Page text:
But this year is the exception, Gitter said, adding that this reserve fund is different from the capital improvement and emergency reserve funds.
“In the event that we encounter any cash problems in the year, we could take some of this money and not have to come back through the shareholders to pay our bills. We didn’t think it was fair that if we have this fund that at some point we would not take advantage of it,” Gitter said.
The co-op is also up for refinancing its mortgage — a one in 10 year event, said Gitter.
“Nothing is sure in this world, but we have a pretty good handle of what the market will be, and that we will save a significant sum of money in the refinancing over our current rate,” he said. “As the result of which, in 2013, our expenses should be less than they are now, since we are advertising a portion of our mortgage to the tune of approx $1.2 billion a year. We will save that money in 2012.”
Gitter said this also quenches the original fear of doubling up on debt from dipping into funds.
“When you add it all up, in the event that we take a shortfall in 2012 and you take [money] from the reserve fund, you will not be doubling up because when you add 2012 and 2013, the savings and expenses in 2013 will pretty well balance out,” he said. “We have resisted for many years, but we have a once in a long time opportunity to do it without any material adverse effect upon the finances of this cooperation. This obviously bestows a very significant financial benefit to each of you and all of the shareholders.”
In 2012, the co-op also expects to spend approximately $2,120,000 on capital improvement projects — a budget that Gitter says is “somewhat below” the monies spent in 2011.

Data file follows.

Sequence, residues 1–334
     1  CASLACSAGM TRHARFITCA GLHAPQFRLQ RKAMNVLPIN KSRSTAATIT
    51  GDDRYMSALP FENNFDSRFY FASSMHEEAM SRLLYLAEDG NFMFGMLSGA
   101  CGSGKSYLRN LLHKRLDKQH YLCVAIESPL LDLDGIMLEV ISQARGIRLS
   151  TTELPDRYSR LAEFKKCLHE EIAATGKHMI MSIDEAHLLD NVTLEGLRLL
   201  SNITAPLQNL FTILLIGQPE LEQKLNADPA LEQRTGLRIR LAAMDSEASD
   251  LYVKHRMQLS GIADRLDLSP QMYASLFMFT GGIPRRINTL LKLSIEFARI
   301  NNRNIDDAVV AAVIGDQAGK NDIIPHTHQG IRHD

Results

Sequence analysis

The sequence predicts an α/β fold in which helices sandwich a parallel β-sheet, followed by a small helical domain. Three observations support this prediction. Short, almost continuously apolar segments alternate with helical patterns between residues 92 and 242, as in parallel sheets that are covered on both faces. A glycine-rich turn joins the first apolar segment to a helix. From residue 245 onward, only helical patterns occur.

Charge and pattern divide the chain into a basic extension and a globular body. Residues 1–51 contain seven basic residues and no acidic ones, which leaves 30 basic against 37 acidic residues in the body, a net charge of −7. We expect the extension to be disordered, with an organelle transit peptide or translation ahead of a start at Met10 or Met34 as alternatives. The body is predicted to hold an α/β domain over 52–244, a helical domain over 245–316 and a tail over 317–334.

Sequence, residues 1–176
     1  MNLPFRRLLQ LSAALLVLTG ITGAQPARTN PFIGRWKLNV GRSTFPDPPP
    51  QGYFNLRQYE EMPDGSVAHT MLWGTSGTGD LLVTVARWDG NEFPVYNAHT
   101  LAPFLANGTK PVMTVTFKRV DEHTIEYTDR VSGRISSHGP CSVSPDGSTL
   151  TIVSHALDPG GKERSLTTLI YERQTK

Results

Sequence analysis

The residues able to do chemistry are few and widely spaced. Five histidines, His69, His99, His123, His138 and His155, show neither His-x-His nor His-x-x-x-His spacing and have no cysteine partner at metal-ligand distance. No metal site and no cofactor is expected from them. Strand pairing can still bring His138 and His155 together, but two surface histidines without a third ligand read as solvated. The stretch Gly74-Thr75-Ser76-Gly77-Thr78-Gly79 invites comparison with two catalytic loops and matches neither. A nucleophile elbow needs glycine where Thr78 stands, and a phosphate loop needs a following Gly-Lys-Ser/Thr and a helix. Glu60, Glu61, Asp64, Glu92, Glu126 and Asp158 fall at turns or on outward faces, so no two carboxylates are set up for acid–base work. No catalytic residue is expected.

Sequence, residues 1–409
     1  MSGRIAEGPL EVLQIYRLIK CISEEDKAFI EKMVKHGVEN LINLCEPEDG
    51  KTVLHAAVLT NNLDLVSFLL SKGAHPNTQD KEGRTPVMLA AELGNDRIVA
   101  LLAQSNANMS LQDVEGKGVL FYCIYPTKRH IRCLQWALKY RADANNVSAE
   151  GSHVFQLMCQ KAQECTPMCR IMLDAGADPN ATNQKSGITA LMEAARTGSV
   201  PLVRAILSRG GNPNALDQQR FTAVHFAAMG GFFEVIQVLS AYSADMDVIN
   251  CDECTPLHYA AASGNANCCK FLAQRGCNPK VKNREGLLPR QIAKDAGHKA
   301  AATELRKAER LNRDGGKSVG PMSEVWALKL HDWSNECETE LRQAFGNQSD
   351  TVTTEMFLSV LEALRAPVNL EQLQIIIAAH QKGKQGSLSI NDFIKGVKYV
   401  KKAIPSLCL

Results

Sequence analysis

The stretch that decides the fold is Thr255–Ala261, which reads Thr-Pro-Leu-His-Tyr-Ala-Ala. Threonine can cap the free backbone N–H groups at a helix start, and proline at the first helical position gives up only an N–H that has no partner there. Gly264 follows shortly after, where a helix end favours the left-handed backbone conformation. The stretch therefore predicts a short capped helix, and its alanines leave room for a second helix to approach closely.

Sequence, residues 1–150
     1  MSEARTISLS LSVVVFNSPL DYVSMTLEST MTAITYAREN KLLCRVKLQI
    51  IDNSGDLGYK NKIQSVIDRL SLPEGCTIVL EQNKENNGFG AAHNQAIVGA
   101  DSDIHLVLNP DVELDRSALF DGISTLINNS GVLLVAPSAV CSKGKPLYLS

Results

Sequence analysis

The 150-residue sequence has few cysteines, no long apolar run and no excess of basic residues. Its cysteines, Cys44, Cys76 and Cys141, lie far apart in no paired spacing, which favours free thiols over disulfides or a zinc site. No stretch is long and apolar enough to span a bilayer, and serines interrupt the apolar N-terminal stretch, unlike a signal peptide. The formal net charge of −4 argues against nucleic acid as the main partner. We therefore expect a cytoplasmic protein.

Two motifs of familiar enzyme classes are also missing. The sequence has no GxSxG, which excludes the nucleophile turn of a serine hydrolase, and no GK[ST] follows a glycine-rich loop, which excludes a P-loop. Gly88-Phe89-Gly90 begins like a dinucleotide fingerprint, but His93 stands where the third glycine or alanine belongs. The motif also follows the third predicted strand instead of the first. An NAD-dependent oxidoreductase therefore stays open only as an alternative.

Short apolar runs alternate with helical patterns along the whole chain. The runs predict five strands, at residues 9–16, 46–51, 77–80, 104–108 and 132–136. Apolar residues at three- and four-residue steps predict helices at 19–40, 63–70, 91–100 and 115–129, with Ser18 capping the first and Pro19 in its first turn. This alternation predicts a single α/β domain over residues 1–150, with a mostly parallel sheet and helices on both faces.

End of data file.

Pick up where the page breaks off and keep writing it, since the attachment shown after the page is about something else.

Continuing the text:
“There’s a reason for that, and it’s not because things are not getting done or that we are not going to do them,” he said. “It’s just so much work that can be done around here without totally disrupting the lives of all of us. Everybody in this room has been subjected to the ramps, with the hammering and drilling. Next year, we’re going to have scaffolding.”
He said there is a “whole host of other capital expenditures that will be made,” but the capacity to do them is limited.
“All of the capital improvements will be done at the proper time, with minimal inconvenience to our shareholders,” he said.
These projects include but are not limited to upgrading a boiler, which is projected to cost about $680,000; fixing sidewalks and drains in the parking area in front of the buildings, said to cost $425,000; and improving movie theatre seating, which will total $75,000.
“We all are extremely proud that our reserves are at a point that they give us confidence in knowing that we can meet our immediate needs comfortably,” Gitter said.
In 2011, the capital improvement fund saw $7.1 million, and Gitter said the fund will increase to $7.5 million in the year 2012.
The emergency reserve fund is “stable,” Gitter said, and will increase from $3 million to $3.1 million in the new year.
The only fund that will see a decrease is the operating reserve fund, which Gitter explained will be used to fund the 2012 deficiencies. Currently, it has $4.6 million. By the end of 2012, it will have $3.8 million.
In total, there were $17.6 million worth of funds in 2011, and 2012 is expected to see $17.3 million.
“There’s no magic to it,” Gitter said. “We’ve operated efficiently and in addition, we have been able to save very, very substantial sums of money than our expenditures.”